The PH used follows the recommendations stated in [24] and is composed of three fields: the path is a list of (initially empty) slots; the size is the total number of slots in the path; the pointer points to the first empty slot in the path. The size of the number of slots represents the maximum distance that a packet can reach.

As the length of route cannot be predicted and each hop increases the packet header size (that grows linearly with hop count) which can lead to fragmentation due to the limit of the maximum transmission unit (MTU), we set the maximum hop to 15 as used by the well-known RIP network protocol [25] . If a packet reaches a router beyond this number it is dropped (the router does not have an empty slot to write its IP address).

When a packet traverses an MTF-enabled router it does the following: (1) inserts a PH header in the packet; (2) writes its own IP address and random value in the first slot; and (3) sets the pointer to point to the second slot. Each subsequent MTF-enabled border router that ingresses the packet into a new AS: (1) reads the pointer; (2) writes its own IP address and random value in the indicated slot; and (3) increments the pointer to point to the next slot. If no room is left in the PH header (after 16 hops), the router drops the packet.

3.2. Multi-Path Calculation

The victim’s gateway will calculate multiple shortest paths to the source of attack (if they exist) and locate the nearest border gateway(s) to the attacker. To calculate the multiple shortest paths (if they exist), we use a modified variant of Dijkstra’s algorithm [26] [27] , as it is the most widely used algorithm in present day routers. By choosing the shortest paths we aim to send a warning message (blocking request) as fast as possible.

3.3. Flow Classification

When a packet crosses an MTF-enabled router, its recorded route includes an authentic (non-spoofed) suffix. Specifically, the last “n” components of the recorded route are authentic, when the last n border routers crossed by the packet are MTF-enabled, and there is no malicious node on the path that interconnects them using malicious node detection scheme [28] .

The recorded path of a packet is defined as a sequence of IP addresses that corresponds to: the packet’s source, the list of border routers included in the PH header, and the packet’s destination. Packets are marked as belonging to the same flow if they share a common recorded path suffix. This procedure enables a receiver to identify distinct incoming traffic flows in the face of source address spoofing.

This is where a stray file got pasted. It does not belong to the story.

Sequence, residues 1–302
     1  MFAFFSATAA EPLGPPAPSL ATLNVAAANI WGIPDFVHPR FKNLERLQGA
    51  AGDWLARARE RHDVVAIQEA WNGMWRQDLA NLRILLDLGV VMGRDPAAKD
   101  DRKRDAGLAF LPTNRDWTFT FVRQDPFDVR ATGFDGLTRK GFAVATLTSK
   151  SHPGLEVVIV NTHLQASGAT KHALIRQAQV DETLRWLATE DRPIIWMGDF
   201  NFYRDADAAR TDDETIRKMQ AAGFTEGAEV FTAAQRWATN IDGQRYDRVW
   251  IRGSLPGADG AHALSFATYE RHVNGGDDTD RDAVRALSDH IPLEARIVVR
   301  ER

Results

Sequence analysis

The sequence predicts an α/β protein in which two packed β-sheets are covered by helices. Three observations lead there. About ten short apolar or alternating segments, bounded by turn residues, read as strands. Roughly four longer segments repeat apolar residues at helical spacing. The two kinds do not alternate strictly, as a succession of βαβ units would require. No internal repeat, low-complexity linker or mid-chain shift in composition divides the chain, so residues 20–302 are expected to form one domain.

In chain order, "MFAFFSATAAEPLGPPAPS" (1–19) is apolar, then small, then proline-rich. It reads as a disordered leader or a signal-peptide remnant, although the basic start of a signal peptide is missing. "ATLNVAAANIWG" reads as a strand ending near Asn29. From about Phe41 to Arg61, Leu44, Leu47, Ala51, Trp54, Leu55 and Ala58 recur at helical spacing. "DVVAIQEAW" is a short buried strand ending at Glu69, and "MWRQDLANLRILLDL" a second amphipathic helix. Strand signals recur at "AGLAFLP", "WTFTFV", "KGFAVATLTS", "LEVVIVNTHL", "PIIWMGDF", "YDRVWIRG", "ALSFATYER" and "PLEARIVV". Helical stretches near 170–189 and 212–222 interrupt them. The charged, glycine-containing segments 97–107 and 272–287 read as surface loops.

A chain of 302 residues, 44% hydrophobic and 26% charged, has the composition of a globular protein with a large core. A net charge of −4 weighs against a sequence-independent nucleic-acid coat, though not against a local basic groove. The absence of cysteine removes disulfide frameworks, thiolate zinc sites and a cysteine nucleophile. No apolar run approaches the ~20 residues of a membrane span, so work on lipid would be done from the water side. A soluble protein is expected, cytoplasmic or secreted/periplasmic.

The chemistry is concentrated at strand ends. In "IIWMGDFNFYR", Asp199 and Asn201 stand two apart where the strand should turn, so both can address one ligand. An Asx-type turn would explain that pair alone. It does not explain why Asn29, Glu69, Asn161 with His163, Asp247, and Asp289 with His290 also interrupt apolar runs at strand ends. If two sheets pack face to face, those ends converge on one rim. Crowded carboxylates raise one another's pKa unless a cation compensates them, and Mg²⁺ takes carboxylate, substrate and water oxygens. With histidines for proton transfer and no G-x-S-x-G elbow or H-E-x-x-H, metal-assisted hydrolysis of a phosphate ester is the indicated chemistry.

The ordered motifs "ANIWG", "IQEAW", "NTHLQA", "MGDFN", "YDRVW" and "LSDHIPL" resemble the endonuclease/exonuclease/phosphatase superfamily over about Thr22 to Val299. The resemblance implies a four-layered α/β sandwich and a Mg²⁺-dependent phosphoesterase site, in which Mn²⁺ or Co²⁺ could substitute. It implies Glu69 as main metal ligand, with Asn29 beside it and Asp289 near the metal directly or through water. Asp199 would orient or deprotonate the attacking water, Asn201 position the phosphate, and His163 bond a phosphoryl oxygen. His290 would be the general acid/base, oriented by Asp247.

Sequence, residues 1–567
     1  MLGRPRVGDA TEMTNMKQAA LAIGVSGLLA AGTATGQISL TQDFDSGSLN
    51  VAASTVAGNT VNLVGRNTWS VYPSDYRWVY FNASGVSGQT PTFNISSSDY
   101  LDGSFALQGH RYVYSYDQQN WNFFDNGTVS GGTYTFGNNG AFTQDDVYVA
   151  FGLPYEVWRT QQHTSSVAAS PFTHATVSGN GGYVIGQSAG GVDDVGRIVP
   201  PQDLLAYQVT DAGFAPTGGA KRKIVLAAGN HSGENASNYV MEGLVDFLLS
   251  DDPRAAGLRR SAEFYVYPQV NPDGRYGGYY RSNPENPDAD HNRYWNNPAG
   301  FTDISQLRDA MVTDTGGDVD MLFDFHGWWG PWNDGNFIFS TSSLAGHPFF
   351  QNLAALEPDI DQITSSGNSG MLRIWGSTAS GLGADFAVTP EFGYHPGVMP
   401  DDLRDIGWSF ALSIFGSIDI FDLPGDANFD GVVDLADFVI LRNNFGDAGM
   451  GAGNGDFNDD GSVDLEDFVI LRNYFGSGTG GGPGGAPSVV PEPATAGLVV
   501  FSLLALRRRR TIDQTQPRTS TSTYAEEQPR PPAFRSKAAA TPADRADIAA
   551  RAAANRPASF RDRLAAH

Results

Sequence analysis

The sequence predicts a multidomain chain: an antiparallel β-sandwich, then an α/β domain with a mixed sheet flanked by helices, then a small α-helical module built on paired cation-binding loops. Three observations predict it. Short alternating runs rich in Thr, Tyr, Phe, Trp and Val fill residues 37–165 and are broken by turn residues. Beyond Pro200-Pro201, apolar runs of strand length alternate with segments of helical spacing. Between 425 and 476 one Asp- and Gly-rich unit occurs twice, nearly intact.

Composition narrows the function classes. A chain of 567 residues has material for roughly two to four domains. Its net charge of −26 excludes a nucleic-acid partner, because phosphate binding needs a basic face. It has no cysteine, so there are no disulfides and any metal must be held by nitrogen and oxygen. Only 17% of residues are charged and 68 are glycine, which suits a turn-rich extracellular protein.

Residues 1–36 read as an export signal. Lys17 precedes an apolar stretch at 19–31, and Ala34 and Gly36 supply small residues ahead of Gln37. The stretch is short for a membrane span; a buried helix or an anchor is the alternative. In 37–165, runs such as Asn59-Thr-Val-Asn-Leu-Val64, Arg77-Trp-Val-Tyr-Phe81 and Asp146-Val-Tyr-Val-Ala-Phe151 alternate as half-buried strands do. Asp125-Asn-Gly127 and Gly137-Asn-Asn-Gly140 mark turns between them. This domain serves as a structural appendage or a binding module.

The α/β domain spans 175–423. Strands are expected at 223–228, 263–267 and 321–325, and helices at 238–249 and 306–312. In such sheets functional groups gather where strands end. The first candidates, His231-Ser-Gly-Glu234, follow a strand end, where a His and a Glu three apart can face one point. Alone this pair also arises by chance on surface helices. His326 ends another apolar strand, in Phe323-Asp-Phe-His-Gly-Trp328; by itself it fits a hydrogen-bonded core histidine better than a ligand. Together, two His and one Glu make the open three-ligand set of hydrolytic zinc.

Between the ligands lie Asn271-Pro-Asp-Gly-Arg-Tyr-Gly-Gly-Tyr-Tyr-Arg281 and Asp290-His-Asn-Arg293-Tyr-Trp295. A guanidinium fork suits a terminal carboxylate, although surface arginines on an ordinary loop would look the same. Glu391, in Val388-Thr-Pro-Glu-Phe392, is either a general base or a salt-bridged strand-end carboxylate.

A flow F with recorded path P is denoted as FP. A DDoS node victim uses a filtering policy to classify incoming traffic in different flows, and then decides which one to apply a filtering procedure to and either reject it or accept it. The operation of the policy module depends on the specific service run by the victim and is outside the scope of this paper. The blocking of any undesired flow that may come from different paths and enforcing such a policy is achieved by deploying our proposed mechanism (MTF).

It is up to the policy module to classify incoming traffic in multiple flow levels. For example, consider that in Figure 1 an attack source, PC 1, is sending high-rate traffic to the victim, SERVER. If network Net1 prevents source address spoofing, SERVER can easily identify F1 [PC1, R1 R3, SERVER] as a high-rate flow, and thus undesired. If PC1 is able to spoof multiple source IP addresses, SERVER can only identify F2 [*, R1, R3, SERVER] as the undesired flow.

Once the policy module identifies an undesired flow, it sends a filtering request to the local MTF process.

4. Basic MTF Protocol

4.1. Terminology

・ The recorded path P of an undesired flow (Figure 2) has the form [PC1, R1, …R3, SERVER], where PC1 is the attack source, i.e. the node thought to be generating the undesired traffic; if PC1 = *, all traffic through R1 is undesired.